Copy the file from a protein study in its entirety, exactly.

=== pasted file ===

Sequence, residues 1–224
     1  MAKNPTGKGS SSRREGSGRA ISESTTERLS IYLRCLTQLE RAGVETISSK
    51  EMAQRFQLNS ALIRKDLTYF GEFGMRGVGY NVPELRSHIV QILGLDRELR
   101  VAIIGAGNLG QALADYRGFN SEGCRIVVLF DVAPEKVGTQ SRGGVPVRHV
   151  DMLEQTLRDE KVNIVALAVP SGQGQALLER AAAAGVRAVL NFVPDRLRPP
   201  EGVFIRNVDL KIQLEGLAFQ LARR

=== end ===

Sequence, residues 1–224
     1  MAKNPTGKGS SSRREGSGRA ISESTTERLS IYLRCLTQLE RAGVETISSK
    51  EMAQRFQLNS ALIRKDLTYF GEFGMRGVGY NVPELRSHIV QILGLDRELR
   101  VAIIGAGNLG QALADYRGFN SEGCRIVVLF DVAPEKVGTQ SRGGVPVRHV
   151  DMLEQTLRDE KVNIVALAVP SGQGQALLER AAAAGVRAVL NFVPDRLRPP
   201  EGVFIRNVDL KIQLEGLAFQ LARR